The government wants to increase the number of students in higher education by 60,000, the universities and skills secretary said today.
Setting out the government's spending commitments for higher education, John Denham said ministers want a 60,000 increase in student numbers by 2010/11.
This is part of a wider commitment to increasing and widening participation in higher education.
In his annual grant letter to the Higher Education Funding Council for England (HEFCE), Mr Denham says the government further wants an additional 100,000 students enrolling on foundation degrees by 2010/11.
As part of this the universities secretary reaffirmed the government's commitment to widening participation in higher education.
The government will also urge universities to strengthen links between schools and colleges and hopes 15,000 additional full-time students will be co-funded by an employer and HEFCE by 2010/11.
Mr Denham was writing to the HEFCE following last autumn's comprehensive spending review, which said spending on higher education institutions will exceed £7 billion.
Combined with increased funding for student support, this will see total expenditure rise by 2.5 per cent a year over the next three years.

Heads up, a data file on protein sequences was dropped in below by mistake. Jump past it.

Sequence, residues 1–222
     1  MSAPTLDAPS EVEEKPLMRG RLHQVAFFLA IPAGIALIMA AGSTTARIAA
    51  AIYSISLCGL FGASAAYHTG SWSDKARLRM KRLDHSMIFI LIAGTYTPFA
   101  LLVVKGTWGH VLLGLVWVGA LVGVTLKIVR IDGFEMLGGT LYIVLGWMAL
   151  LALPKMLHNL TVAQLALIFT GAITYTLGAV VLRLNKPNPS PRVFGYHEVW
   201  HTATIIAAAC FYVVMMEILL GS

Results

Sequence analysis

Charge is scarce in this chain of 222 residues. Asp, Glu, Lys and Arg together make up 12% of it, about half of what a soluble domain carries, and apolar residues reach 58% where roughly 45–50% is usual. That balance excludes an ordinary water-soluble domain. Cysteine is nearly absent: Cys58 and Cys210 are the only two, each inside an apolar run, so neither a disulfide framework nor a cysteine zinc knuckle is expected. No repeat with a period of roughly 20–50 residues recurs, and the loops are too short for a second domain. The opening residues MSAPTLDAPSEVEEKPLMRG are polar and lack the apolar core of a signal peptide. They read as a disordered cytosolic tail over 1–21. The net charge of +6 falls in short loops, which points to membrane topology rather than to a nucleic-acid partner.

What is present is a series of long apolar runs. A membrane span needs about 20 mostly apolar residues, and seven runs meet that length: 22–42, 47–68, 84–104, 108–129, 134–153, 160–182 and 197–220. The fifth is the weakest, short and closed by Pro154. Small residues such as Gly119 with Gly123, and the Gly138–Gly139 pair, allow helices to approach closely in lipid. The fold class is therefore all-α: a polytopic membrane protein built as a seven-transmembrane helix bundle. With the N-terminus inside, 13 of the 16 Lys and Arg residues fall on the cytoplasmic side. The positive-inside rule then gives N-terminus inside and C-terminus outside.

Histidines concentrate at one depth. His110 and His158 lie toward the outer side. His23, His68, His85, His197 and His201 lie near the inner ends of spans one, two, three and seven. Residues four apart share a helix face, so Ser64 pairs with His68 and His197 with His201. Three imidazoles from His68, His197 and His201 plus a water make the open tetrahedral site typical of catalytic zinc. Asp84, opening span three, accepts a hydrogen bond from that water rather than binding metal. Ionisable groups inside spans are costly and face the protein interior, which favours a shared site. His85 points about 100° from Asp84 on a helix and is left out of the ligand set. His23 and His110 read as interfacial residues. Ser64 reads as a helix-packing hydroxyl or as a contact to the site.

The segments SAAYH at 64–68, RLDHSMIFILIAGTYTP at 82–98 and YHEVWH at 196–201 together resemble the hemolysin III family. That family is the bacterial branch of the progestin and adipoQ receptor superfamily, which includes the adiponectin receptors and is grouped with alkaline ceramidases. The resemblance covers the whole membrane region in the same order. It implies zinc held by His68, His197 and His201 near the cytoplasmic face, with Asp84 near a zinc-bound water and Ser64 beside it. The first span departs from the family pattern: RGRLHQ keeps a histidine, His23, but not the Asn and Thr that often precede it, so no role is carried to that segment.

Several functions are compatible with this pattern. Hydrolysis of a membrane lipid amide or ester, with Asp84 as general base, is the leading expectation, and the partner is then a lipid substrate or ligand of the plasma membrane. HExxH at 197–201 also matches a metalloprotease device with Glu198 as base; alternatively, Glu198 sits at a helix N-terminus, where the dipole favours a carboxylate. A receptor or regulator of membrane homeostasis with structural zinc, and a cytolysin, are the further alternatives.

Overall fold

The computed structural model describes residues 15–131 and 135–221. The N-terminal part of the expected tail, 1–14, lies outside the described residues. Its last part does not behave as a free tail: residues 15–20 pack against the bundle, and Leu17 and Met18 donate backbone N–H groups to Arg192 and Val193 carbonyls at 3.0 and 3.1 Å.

Mr Denham said: "The government is investing more in higher education than ever before with record numbers of students going to university.
"By 2011, funding for higher education will have increased by over 30 per cent in real terms since 1997, but with increased financial support comes a higher expectation on institutions to widen participation and reach out to new talent by working more closely with schools and employers.
"I believe the opportunities of higher education should be open to all and I am confident that by increasing the number of students in higher education we will deliver a highly skilled workforce and world class research to ensure an economically competitive UK fit for the 21st century."
The Leitch Review of Skills last year recommended 40 per cent of the pupil should be educated to the level of higher education.